1 Old-Age and Survivors Insurance: Insured Workers and Their Representation in Claims By George E. Immerwahr and Harry Mehlman* ALMOST 4 million persons are estimated to have been insured under Federal old-age and survivors insurance at the beginning of 44. That is, there were about 4 million persons whose deaths could result in the award of benefits under the program. Almost a million were fully insured workers who had attained age 65 and therefore could have been entitled to primary benefits the old-age benefits payable to retired workers; some 0,000 of them actually were entitled to primary benefits. In addition, more than a million, just a few years under age 65 at the beginning of 44, were not only fully insured, but permanently fully insured. In other words, not only would survivor benefits be available at their death, whenever it might occur, but they would also be certain to qualify for primary benefits at age 65, even without receiving additional wages. The number of insured workers has increased rapidly since the beginning of 40, when monthly benefits first became payable. That growth is indicated by the following estimates (in millions of workers): Beginning of calendar Number year fully or currently insured Number fully insured Number currently but not fully insured The figures for 40, 4, and 4 have been derived from a statistical sample, known as the continuous work-history sample, which is based on percent of the wage records maintained by the Bureau of Old-Age and Survivors Insurance. The figures *Members of the Analysis Division, Bureau of Old-Age and Survivors Insurance, and of the Office of the Actuary, respectively. A definition of the terms "fully insured," "currently insured," and "permanently fully insured," as used in this article, will be found in the section, "Definition of Insured Worker." For a detailed description of this project, see Perlman, Jacob, and Mandel, Benjamin, "The Continuous Work History for 4 and 44 are projections based primarily on that sample. The growth in the number of fully insured workers is largely the result of the increased volume and regularity of covered employment in recent years, though to some extent it is due to the gradual maturing of the program. The relatively more rapid growth in the number of workers currently but not fully insured has been caused partly by the large number of comparatively recent entrants to covered employment and partly by the increasing difference between the number of s of coverage required for fully insured status and the less stringent requirement for currently insured status. When workers are only currently insured, they cannot be eligible for retirement benefits; also, the death benefit protection for their survivors is more restricted in scope than in the case of fully insured workers. Definition of Insured Worker The definitions of "fully insured" and "currently insured" used in this article depart from the phraseology but not from the effect (except in one minor detail) of the provisions of the Social Security Act. The definitions used relate to living workers generally; they may be regarded as a generalization of the actual provisions, which are expressed only in terms of workers who have died or who are filing application for primary benefits. Moreover, these definitions lend themselves more readily to the statistical determination of the number of insured workers. The basic unit employed in statistical measurement of either currently or fully insured status is the " of coverage" a calendar in which the worker has been paid at least $50 in wages for covered employment; in any year in which a worker receives at least $,000 in wages, certain additional calendar s may also be s of coverage. A worker is fully insured at a given time (throughout a given calendar Sample Under Old-Age and Survivors Insurance," Social Security Bulletin, Vol. 7, No. (February 44), pp. -. ) provided he has been credited with s of coverage equal to at least the number of "elapsed s" preceding the given, but not less than 6. Elapsed s include all calendar s after 6, except the in which the worker became age 65 and all subsequent s, and the in which he became age and all preceding s. If the number of elapsed s is odd, the number is reduced by in applying the formula. No more than 40 s of coverage are required in any case. A worker is currently insured throughout a given if he has credit for at least 6 s of coverage within the calendar s immediately preceding the given. The -of-coverage requirements for fully insured status may be illustrated by tracing from to the number of elapsed s and the required number of s of coverage for a worker born in May 76. Quarter in which status is determined Number of elapsed s Quarters of coverage required for fully insured status st, 40 6, 40 6 d, th, st, 4 6, 4 (worker attains age 65) 7 d, 4 (and all subsequent s) 7 This worker would have been fully insured throughout the first s of 40 with only 6 s of coverage. Unless he had obtained a seventh of coverage by the end of the second of 40, he would enter the third without fully insured status and would not again be fully insured until he met the current requirement. He will be permanently fully insured only when he has obtained credit for s of coverage, the number corresponding to his final number of The actual provision in the Social Security Act regarding currently insured status relates to calendar s for which wages of at least $50 are paid, rather than to s of coverage, which are s in which wages of at least $50 are paid. In practice, however, wages paid in a calendar are also paid for that.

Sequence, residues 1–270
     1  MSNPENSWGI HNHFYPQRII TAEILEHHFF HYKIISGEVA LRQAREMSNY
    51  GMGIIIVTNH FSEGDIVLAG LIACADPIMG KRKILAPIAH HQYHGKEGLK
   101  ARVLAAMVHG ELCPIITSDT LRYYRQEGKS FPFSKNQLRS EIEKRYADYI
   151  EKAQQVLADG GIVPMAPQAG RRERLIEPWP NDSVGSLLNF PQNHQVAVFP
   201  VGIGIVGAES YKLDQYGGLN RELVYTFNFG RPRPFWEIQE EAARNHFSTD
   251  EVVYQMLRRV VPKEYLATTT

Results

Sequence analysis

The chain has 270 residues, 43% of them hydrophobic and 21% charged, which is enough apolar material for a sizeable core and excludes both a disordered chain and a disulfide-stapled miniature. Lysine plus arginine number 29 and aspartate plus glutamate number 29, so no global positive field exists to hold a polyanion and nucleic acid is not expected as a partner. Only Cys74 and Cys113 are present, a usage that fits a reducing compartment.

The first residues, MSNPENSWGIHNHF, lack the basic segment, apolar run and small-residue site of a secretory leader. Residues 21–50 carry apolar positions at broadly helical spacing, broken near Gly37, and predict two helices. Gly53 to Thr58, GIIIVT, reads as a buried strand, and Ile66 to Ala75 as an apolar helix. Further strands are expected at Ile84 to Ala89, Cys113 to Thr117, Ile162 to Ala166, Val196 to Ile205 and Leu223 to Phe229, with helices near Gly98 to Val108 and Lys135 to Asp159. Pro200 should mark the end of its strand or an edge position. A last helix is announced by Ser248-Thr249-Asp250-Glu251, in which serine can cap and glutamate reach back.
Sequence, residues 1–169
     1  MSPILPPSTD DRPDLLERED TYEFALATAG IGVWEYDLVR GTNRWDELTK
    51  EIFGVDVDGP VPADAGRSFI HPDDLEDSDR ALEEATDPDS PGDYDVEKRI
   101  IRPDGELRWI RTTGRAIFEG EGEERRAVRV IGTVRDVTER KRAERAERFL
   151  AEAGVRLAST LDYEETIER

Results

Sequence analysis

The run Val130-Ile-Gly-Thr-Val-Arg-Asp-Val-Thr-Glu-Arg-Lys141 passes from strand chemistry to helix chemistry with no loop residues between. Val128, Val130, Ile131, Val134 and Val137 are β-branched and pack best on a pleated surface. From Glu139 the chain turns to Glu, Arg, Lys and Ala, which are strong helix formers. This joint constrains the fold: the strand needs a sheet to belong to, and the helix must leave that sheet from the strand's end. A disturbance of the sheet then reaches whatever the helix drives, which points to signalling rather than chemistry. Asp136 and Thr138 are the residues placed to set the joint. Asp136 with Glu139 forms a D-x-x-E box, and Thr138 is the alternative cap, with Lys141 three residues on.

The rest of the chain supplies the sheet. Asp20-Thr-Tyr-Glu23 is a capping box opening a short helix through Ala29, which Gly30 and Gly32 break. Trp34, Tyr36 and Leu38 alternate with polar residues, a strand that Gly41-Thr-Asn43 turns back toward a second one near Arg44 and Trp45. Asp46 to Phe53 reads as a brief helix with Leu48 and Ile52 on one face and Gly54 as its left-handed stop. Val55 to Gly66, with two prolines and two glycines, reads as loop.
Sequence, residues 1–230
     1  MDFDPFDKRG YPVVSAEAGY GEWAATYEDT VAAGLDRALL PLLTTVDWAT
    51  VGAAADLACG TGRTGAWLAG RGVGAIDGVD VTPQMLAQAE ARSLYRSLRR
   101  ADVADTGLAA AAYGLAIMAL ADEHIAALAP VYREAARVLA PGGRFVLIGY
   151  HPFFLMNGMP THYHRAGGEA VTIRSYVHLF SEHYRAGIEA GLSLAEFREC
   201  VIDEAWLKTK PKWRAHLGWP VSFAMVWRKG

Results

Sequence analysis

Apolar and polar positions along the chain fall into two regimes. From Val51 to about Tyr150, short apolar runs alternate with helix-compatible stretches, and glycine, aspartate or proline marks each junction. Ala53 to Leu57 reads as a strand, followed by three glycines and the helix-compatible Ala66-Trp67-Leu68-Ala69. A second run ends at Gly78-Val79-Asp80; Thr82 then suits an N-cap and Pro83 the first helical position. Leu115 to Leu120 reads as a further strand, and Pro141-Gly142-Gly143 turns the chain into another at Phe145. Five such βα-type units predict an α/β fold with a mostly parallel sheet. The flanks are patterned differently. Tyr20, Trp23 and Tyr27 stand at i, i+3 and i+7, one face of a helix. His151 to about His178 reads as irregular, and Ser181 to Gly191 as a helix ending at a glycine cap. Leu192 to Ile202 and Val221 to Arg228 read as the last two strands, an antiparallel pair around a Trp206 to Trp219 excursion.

2 elapsed s 7 when he reaches age 65. Only when he is permanently fully insured is he eligible for primary benefits either when or after he reaches age 65. Table indicates the requirements for fully insured status and permanently fully insured status applicable to workers, differentiated by their period of birth. For a very large block of workers all those born in the years through 5 the requirements are uniform, namely, 6 s of coverage to be fully insured in the first of 40, 7 in the second, in the first of 4, and so forth, up to 40 s of coverage to be permanently fully insured, i. e., fully insured in the first of 57 or later and eligible for primary benefits at age 65. Statistical data relating to fully insured workers, as developed from the continuous work-history sample, refer to all workers who would be fully insured in event of death, rather than merely those who are permanently fully insured. Thus, the number of workers tabulated in the sample as fully insured at the beginning of 4 includes workers of all ages who had obtained 0 or more s of coverage in 7-4, as well as the workers born in the last of 76 or the first of 6 who had obtained only s of coverage, those born in the first of 76 or the last of 6 who had obtained, and so on. Statistical data on the currently insured workers relate in this article only to workers who are currently but not fully insured. The number of currently but not fully insured workers together with the number of fully Table. Numbers of s of coverage required by workers of specified periods of birth for fully insured status (in event of death) and for permanently fully insured status Year and of birth st Quarters of coverage required for fully Insured stains in event of death in - st 4 4 st 4 4 () () () (4) (5) (6) (7) () st 4 4 st st Requirement for permanently fully insured status Quarters of coverage required possible when coverage requirement could be met Earliest when number of s in column 5 would be required for fully insured status in event of death () (0) () () () (4) (5) (6) (7) Age attained in 7 or later: 0-4th quar d quar quar st quar th quar d quar quar st quar th quar d quar quar st quar th quar d quar quar st quar th quar d quar quar st quar Age attained before 7 but age 65 not attained until 7 or later: d or 4th quar st or quar d or 4th quar st or quar d or 4th quar st or quar d or 4th quar st or quar d or 4th quar 76-st or quar d or 4th quar st or quar () 74, 7, Age 65 attained before 7: or earlier If numbers are given, the smaller number is the requirement in the first months of the period shown in the column heading, larger number in the last months. Since workers could not have wages in covered employment before after attainment of age 65, earliest calendar in which 6 s of coverage could be obtained would be as follows: Year and of birth Earliest attainment 74-7-(, d, or 4th quar - Year and Quarter of birth Continued Earliest attainment Continued 7-st quar - 7-4th quar - 7-d quar - 7- quar 4-7-st quar -40 Workers born in 7 or earlier could not have wages in covered employment before and therefore could not obtain their sixth of coverage before the second of 40.